thaipara.gif

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Community Beginner ,
Oct 10, 2023 Oct 10, 2023

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@Joel Cherney To answer your question, I was modifying an existing document (not creating new) and was using Edit/Preferences/Advanced Type. I tried modifying the language under Edit/Preferences/Dictionary, but that didn't make the change...only changing the language in the Paragraph Styles worked (the Paragraph Styles must be overwriting the document preferences). Your latest video was helpful for me to see that there are 2 ways to modify the Paragraph Style for it to work (Advanced Character Formats/Language or Justification/Composer). Thank you again! 

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Community Beginner ,
Oct 18, 2023 Oct 18, 2023

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@Joel Cherney @Peter Spier How would you handle this problem in a multi-language, multi-font document given that the only thing that worked was changing the Language setting and there will be multiple?

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Community Expert ,
Oct 18, 2023 Oct 18, 2023

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I'll continue to defer to Joel, but in my opinion ALL text needs to have the correct language assigned. Language is a character-level attribute, so you can create character styles for every language you need. One way to apply them would be to use a GREP style to apply the propewr character style to specific unicode ranges for each language, and I'll let Joel explain how to do that since he probably has done it and knows the ranges for your languages. GREP styles will slow down the program a bit, but they can be applied in addition to other methods of applying a character style so would not interfere with also making things bold or italic, for example.

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Community Expert ,
Oct 18, 2023 Oct 18, 2023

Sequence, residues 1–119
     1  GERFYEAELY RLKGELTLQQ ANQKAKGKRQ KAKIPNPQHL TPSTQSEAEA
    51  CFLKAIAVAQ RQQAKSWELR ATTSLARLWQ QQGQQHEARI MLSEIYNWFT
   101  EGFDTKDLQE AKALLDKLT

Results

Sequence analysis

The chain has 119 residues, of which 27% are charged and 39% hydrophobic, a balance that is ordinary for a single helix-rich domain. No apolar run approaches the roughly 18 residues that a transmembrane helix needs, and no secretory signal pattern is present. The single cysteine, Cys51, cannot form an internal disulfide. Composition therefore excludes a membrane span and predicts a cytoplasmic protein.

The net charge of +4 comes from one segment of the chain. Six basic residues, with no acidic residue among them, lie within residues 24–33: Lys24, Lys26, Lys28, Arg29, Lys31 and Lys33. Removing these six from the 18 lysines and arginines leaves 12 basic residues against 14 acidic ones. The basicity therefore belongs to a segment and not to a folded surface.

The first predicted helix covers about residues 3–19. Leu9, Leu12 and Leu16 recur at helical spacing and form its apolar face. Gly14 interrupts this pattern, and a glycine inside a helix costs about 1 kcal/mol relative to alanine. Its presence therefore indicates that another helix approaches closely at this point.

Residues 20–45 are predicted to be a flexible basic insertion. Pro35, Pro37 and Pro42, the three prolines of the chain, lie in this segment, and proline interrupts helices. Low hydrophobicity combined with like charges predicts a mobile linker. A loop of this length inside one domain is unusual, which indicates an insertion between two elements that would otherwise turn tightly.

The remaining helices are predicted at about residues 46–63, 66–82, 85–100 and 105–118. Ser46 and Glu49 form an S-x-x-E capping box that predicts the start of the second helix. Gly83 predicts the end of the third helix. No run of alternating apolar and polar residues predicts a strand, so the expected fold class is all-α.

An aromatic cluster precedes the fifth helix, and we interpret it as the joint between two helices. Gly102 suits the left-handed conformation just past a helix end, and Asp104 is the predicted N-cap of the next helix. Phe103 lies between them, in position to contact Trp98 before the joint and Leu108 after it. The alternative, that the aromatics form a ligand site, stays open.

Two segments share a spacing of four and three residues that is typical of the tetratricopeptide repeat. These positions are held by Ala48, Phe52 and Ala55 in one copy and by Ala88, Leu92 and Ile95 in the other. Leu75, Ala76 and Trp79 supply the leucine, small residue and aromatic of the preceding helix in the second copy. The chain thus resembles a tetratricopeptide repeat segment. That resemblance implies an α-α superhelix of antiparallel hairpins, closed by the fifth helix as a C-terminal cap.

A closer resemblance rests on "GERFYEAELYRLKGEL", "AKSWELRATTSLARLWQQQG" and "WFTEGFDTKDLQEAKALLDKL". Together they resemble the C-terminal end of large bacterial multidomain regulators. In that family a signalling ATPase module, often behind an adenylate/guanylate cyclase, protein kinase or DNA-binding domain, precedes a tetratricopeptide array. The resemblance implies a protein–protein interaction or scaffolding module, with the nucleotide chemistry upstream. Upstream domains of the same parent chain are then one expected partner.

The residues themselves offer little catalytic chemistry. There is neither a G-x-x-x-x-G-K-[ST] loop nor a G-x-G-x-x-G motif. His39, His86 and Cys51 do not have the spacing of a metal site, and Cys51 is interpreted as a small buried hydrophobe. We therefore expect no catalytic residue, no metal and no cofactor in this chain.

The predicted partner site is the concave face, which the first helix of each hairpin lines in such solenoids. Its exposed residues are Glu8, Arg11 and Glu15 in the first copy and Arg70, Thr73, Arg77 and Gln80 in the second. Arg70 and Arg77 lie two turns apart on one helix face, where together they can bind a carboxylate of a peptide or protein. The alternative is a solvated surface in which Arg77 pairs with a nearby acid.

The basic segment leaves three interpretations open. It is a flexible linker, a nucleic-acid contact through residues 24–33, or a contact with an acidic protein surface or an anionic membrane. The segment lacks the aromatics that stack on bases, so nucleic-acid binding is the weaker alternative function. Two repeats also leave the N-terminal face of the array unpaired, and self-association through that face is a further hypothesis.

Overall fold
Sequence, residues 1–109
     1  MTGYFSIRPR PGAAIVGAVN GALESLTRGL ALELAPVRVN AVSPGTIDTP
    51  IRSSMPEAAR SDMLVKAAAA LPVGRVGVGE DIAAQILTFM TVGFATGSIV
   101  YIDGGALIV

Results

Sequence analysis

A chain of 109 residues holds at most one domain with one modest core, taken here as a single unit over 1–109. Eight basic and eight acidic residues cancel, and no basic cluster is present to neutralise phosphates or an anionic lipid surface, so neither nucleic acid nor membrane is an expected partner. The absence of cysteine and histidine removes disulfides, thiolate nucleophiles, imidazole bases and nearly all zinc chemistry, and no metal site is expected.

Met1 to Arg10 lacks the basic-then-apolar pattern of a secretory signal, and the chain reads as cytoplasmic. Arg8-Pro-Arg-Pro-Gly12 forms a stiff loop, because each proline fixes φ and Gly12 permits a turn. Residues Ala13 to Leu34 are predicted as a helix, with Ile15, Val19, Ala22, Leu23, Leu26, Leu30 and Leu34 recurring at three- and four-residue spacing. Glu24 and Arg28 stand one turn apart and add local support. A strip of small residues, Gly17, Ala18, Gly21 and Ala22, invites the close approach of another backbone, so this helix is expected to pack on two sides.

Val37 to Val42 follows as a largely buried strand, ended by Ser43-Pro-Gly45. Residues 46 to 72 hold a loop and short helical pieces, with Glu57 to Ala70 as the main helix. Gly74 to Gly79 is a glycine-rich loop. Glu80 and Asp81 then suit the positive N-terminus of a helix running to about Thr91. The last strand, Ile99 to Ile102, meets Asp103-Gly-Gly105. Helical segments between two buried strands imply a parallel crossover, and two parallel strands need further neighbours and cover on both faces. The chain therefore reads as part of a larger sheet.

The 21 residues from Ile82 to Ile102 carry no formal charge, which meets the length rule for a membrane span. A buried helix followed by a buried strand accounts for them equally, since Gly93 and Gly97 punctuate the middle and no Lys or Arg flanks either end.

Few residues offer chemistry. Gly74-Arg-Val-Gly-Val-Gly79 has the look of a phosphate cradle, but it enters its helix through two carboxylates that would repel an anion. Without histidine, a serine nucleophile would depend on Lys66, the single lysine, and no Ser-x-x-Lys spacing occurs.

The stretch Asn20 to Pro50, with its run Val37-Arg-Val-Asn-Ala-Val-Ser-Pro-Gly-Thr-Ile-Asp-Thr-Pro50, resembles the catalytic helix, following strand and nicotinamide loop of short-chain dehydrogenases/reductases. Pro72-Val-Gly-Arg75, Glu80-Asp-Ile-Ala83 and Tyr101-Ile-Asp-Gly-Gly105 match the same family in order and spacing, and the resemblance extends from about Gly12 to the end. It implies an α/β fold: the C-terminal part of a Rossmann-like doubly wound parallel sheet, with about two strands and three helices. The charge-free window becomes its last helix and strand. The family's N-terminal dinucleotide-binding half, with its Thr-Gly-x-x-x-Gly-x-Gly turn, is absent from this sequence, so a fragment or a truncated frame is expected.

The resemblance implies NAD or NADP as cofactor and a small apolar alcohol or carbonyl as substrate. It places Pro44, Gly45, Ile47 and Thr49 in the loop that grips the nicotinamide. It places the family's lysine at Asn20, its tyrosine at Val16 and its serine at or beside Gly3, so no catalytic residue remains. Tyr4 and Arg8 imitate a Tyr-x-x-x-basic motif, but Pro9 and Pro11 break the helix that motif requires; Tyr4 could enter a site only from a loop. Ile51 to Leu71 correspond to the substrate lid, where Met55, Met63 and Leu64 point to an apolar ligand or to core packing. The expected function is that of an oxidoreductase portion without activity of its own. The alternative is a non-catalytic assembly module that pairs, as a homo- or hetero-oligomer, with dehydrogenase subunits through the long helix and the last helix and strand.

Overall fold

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So Peter's right here; the correct workflow is to make sure that all of your text is marked with the correct language. (I was being sloppy, in the example GIF I made.) And in many cases, I would do exactly what he described - I'd make GREP Styles to dynamically apply language settings to various writing systems based on their Unicode values. We can't do that here, though, because Traditional Chinese, Simplified Chinese, and Japanese all share characters with the same codepoints, yet must be typeset in different fonts. 

 

So I'm not sure what your workflow looks like, but it sounds to me like you're going to need to make additional paragraph and/or character styles, one for each language. So if I had header styles named something unimaginitive like H1, H2, H3 etc., then I might make five or six other paragraph styles H1 Traditional Chinese, H1 Simplified Chinese, H1 Japanese, etc. When you make a new paragraph style there's a dropdown to let your new style be "Based On" another style, so that each child style would just be the parent H1 style + the language-specific font. 

 

New styles done in this way might be what you need, but honestly I can't guess. Marking your text as Japanese language won't apply the J Composer, which is necessary for correct Japanese layout, like I said in my post on the 10th. If you're modifying existing translated InDesign files, then hopefully it's already turned on in the Paragraph Styles, and you won't have to think about it.